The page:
UK overhauls employee pension schemes

Britain published new rules for private pensions on Monday which give retirees greater freedom to spend their savings as they like, fleshing out reforms announced earlier this year that shook the share value of British insurers.

Finance minister George Osborne caught Britain's pensions industry by surprise in March when he scrapped a rule forcing people to buy an annuity, a financial product which converts a retiree's pension pot into a guaranteed retirement income.

Osborne is keen to allow people to tap into the cash they set aside during their working life by reducing tax penalties imposed on those who withdraw their savings in a lump sum.

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He wants that change to drive innovation in the 12 billion pound ($21 billion) per year British annuity market.

To accompany the reforms, he also wants to make free independent financial guidance available.

On Monday, the government confirmed its intention to go ahead with such plans, seen as the biggest reform of pensions in a generation, and added details to its proposals following a consultation with industry, employers and consumer groups.

"It's right to support hard working people that have taken the long-term decision to save for their future and I'm pleased that the responses we had to our proposals on making pensions more flexible have been overwhelmingly positive," Osborne said.

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The finance ministry estimated the changes could affect 18 million people, but said it expected the impact on financial markets would be modest.

"The government believes that the overall impact ... is likely to be limited," it said. "It is expected that there will still be a strong continuing demand for high-quality fixed-income assets, including government and corporate bonds."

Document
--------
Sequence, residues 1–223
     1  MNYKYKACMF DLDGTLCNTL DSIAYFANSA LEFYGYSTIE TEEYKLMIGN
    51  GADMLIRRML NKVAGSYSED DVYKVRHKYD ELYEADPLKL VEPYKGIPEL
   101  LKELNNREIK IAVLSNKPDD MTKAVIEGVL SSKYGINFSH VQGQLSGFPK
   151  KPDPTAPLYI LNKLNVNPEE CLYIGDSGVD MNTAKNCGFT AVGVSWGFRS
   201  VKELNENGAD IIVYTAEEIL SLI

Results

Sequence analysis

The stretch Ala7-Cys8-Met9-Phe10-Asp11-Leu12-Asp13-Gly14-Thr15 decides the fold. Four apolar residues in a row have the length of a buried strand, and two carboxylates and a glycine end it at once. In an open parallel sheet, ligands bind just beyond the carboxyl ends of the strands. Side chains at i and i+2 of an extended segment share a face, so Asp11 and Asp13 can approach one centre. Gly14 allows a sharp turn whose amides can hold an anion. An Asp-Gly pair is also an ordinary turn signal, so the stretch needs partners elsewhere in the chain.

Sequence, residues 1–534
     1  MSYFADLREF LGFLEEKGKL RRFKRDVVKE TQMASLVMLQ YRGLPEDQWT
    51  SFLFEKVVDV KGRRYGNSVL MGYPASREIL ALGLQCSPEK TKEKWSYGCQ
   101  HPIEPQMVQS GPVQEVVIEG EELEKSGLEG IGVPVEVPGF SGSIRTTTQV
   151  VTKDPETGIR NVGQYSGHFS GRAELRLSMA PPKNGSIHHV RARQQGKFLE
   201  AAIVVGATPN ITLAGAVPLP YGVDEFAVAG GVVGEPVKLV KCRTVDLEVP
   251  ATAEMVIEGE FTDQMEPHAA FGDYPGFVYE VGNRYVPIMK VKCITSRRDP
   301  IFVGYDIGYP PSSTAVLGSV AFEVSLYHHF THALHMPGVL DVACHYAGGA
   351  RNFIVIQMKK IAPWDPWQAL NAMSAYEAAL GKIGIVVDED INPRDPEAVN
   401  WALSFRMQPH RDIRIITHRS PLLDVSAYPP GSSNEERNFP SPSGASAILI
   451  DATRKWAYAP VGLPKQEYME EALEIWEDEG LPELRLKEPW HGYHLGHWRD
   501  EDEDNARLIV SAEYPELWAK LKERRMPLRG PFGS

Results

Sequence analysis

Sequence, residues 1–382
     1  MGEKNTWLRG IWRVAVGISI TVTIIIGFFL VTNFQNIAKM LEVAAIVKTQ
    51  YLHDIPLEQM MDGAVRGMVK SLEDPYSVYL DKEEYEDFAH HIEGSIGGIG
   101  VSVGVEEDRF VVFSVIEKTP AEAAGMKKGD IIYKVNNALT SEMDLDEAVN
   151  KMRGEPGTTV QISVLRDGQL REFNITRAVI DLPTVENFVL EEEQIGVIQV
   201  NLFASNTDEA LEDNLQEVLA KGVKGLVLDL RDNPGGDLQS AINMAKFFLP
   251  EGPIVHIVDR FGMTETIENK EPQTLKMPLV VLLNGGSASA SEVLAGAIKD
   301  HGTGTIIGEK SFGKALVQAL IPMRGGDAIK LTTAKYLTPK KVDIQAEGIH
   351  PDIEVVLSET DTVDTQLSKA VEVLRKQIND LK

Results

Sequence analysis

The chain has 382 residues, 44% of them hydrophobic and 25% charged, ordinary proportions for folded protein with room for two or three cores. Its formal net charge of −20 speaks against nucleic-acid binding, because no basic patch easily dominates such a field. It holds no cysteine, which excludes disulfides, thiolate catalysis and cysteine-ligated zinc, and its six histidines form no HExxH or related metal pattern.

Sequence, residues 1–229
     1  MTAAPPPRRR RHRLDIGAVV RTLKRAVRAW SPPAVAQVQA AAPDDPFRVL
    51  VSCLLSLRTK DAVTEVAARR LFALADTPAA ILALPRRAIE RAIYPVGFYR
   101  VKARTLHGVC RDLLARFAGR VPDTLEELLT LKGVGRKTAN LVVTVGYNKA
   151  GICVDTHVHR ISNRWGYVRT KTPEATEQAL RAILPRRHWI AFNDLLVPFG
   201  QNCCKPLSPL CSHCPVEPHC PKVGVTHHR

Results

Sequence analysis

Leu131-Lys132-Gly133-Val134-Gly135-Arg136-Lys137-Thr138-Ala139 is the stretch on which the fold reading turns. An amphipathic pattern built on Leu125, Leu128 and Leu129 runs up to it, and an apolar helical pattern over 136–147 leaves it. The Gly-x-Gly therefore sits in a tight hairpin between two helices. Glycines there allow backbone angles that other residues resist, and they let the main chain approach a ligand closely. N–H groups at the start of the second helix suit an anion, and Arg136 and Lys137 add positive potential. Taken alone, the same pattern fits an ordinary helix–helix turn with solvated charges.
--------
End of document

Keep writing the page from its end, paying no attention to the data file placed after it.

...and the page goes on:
Osborne rejected the idea that the changes would allow pensioners to fritter away their savings early in their retirement and later suffer an impoverished old age.

Insurers impact

The reform plans have raised questions over how insurers will be affected by a dip in demand for annuities if there is no longer a requirement for retirees to buy them.

When Osborne first announced the shake-up earlier this year, it hit the share value of firms like Legal and General, Aviva and Standard Life who run annuities businesses.

Those shares have since recovered slightly, but remain below their pre-announcement levels.

The price of long-term British government bonds, which are used by annuity providers to manage risk, fell after the initial announcement in March.

But the finance ministry said that after consultation, the industry estimated that only 10-20 percent of people in defined-benefit pension schemes would transfer out of them.

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Some pension schemes might need to hold more liquid assets as a result, however.

The consultation response includes outlines for new annuity products which allow early lump-sum withdrawals and regular payments that vary over the lifetime of the product to meet the demand of retirement expenses such as care costs.

Annuities will also be allowed to provide a guaranteed payout, even if the recipient dies, for much longer than the current 10-year limit.

A summary of the consultation said the financial guidance provided to retirees would be provided independently and funded by a levy on regulated financial services firms.

($1 = 0.5851 British Pounds)

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